Citgo, the former owner of a Philadelphia-area asphalt refinery, is liable for millions of dollars in cleanup costs stemming from a Delaware River oil spill in 2004, the U.S. Supreme Court ruled this week.
The spill was caused when a tanker approaching the Citgo refinery dock in Paulsboro, New Jersey, struck a submerged anchor. The anchor tore the vessel’s hull, leaking an estimated 264,000 gallons of heavy crude oil into the Delaware River. The incident temporarily shut down a nuclear power plant, delayed shipping for days, affected hundreds of miles of shoreline, and killed more than 180 birds.
In the immediate aftermath, the tanker’s owner — Frescati Shipping Co. Ltd. — and the U.S. government paid more than $140 million toward the spill’s cleanup, Courthouse News reported. But the Oil Pollution Act of 1990, passed as an amendment to the Clean Water Act, allows recovery of cleanup funds from liable parties after the fact. So the government and Frescati sued Citgo for negligence and breach of contract when it came to ensuring safe passage for the oil tanker.
The resulting case bounced around the lower courts for more than a decade. In 2016, a federal judge in Philadelphia ordered the petroleum corporation to pay $71.5 million to the ship owner and operator and $48.6 million to cover about half of the federal cleanup, a total of about $120 million, the Philadelphia Inquirer reported. Citgo contested the ruling, which then moved the case to the Supreme Court.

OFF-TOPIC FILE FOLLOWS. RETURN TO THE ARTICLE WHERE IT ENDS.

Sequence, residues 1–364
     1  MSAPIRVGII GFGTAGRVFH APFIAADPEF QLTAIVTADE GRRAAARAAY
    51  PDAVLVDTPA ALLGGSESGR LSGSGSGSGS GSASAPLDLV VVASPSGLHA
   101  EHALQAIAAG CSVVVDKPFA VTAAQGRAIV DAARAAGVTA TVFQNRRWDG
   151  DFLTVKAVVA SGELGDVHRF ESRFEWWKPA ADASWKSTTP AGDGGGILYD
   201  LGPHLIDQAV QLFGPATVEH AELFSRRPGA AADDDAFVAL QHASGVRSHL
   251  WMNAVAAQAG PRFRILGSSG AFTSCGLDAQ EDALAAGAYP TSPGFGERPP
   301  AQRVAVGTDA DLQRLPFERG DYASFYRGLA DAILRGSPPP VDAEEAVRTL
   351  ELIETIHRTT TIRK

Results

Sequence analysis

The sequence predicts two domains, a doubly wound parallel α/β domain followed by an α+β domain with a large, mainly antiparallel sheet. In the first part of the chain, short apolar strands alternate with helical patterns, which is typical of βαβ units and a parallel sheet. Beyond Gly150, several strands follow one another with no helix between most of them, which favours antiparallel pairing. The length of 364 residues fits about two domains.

The question of liability ultimately came down to a “safe-berth clause” in the charter contract that effectively spelled out the responsibilities of each party when it came to the ship and its journey and cargo — and which the Supreme Court interpreted as a guarantee of the ship’s safety during the voyage until (and including) its docking at the Gloucester County-based port. That means Citgo and its affiliated companies are responsible for the majority of cleanup costs, the court ruled Monday.
“We conclude that the language of the safe-berth clause here unambiguously establishes a warranty of safety,” Justice Sonia Sotomayor wrote in the majority decision. “Charterers remain free to contract around unqualified language that would otherwise establish a warranty of safety, by expressly limiting the extent of their obligations or liability.”
The Citgo v. Frescati ruling resolves an inconsistency in federal maritime law regarding whether such a clause establishes an express warranty of ship safety, or a less rigorous responsibility of “due diligence,” in berth selection. Previous lower-court decisions disagreed on the interpretation of this clause.